Oxblood Lilies, Round 2

I’ve told you about these delightful little bulbs that look like some kind of miniature amaryllis. They bloom at only 10 or 12 inches in height. The flowers, like the bulbs, are about 1 inch in size, and they put on their best show when they’re planted in masses like this.

Oxblood lilies pop out from beneath river rocks in Sperry home landscape each fall.

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Your pertinent facts…
Rhodophiala bifida.
Common names: oxblood lilies, schoolhouse lilies.
Native to Argentina.
Introduced to Texas in the 1850s by Texas Hill Country settlers.
Flowers in September, October.
Does best in moist, shaded locations where bulbs can remain undisturbed for many years.
Mass in beds, planting bulbs 3 inches deep and 3 inches apart. Let them grow and multiply.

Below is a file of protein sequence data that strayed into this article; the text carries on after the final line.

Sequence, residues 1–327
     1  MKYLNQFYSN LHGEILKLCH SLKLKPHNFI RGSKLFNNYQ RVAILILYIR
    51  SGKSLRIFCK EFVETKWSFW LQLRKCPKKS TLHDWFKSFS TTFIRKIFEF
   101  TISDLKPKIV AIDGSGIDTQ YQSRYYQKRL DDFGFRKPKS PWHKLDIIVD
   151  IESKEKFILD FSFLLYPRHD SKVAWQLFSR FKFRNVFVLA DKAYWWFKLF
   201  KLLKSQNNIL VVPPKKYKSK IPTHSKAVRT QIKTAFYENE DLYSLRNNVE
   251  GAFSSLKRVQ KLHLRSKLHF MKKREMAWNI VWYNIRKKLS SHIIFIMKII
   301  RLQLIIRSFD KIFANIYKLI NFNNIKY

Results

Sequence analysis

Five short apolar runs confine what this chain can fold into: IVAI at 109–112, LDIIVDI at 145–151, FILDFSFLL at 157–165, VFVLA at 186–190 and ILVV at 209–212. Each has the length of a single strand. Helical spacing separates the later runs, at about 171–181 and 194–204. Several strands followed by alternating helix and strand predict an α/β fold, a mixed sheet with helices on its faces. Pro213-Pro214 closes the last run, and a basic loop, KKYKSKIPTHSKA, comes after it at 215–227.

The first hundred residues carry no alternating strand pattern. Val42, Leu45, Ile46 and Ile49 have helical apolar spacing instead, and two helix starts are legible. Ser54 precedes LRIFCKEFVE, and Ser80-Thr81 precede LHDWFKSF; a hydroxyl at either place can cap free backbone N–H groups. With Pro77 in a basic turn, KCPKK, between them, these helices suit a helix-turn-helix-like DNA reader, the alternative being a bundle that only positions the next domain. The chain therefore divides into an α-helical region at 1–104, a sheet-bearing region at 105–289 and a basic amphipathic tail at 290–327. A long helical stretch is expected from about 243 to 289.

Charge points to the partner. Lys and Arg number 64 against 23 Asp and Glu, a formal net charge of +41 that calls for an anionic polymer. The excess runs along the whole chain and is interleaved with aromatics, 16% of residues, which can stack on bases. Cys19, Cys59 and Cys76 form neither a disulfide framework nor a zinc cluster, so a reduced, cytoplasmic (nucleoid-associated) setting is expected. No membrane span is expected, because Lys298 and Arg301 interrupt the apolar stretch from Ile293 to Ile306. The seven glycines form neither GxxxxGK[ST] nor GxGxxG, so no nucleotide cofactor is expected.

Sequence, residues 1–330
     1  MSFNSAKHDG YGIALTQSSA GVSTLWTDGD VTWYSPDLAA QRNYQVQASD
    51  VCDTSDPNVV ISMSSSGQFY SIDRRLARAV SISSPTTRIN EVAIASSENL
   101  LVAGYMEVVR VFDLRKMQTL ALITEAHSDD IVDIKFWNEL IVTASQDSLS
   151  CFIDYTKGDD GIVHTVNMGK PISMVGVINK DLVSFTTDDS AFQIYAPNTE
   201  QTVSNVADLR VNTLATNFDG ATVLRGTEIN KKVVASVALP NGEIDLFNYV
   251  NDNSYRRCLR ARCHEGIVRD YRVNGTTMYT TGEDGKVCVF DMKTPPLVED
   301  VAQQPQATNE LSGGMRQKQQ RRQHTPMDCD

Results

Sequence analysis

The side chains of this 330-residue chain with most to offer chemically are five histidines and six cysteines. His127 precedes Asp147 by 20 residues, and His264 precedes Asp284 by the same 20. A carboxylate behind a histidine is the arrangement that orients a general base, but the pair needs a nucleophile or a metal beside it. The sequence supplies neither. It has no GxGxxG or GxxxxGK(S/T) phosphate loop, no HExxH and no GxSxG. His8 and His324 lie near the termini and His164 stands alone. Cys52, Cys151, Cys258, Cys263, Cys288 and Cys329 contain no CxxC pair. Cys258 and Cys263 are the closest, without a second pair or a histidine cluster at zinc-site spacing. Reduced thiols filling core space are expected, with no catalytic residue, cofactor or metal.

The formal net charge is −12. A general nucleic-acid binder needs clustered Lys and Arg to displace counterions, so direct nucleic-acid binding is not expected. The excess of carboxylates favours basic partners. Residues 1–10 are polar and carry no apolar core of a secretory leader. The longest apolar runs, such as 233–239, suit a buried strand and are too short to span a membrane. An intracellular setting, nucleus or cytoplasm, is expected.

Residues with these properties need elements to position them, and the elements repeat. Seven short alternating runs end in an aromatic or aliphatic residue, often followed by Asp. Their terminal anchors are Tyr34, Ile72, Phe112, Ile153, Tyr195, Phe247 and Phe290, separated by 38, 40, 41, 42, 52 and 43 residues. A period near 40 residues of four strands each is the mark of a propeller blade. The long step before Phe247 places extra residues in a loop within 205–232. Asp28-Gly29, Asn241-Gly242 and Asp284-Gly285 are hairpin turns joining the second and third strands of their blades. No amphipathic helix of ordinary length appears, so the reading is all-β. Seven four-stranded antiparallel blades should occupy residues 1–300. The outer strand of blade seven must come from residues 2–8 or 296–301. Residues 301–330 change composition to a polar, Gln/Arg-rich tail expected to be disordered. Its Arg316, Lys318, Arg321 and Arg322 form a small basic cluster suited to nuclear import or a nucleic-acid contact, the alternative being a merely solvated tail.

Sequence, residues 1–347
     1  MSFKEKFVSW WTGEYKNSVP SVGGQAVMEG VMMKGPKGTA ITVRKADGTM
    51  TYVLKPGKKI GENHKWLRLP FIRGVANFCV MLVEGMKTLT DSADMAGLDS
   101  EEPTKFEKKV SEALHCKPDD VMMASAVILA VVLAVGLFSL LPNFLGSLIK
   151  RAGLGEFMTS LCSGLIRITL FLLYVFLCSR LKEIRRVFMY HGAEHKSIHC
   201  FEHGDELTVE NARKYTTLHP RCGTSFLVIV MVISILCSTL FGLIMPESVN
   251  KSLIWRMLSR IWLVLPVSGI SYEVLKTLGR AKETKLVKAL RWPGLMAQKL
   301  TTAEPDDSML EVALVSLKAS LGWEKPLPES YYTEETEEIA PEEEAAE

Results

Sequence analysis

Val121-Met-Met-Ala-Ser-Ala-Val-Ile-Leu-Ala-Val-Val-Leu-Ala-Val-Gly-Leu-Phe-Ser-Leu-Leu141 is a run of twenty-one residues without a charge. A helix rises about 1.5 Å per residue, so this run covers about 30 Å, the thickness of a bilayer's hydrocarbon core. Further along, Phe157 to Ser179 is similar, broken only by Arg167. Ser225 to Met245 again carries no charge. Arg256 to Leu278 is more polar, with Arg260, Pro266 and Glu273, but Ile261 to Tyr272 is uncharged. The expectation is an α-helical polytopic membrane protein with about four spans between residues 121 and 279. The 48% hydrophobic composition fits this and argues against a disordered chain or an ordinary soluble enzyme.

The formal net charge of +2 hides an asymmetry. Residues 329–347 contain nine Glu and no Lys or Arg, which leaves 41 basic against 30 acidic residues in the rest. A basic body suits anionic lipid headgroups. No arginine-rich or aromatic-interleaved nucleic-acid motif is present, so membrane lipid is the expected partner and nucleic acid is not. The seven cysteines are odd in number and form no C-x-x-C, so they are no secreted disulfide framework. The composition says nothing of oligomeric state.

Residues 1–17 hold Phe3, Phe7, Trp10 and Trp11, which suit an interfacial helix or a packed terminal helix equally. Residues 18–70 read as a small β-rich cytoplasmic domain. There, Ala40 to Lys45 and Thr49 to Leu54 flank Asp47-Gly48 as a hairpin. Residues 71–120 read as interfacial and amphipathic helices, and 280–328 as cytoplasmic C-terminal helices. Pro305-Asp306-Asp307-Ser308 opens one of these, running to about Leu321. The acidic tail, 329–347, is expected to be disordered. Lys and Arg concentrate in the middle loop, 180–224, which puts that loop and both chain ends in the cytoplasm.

Flowers will come first, followed by leaves in November. The leaves will persist until spring. Once they wither and fall away you can dig and move the bulbs if you need to.
I have been given bulbs and I have bought them in local independent retail nurseries. I’ve even bought them off eBay with very good success twice and very poor results one time. That person sold very small bulbs. The eBay description gave the bulbs’ size, so I had only myself to blame.

Posted by Neil Sperry
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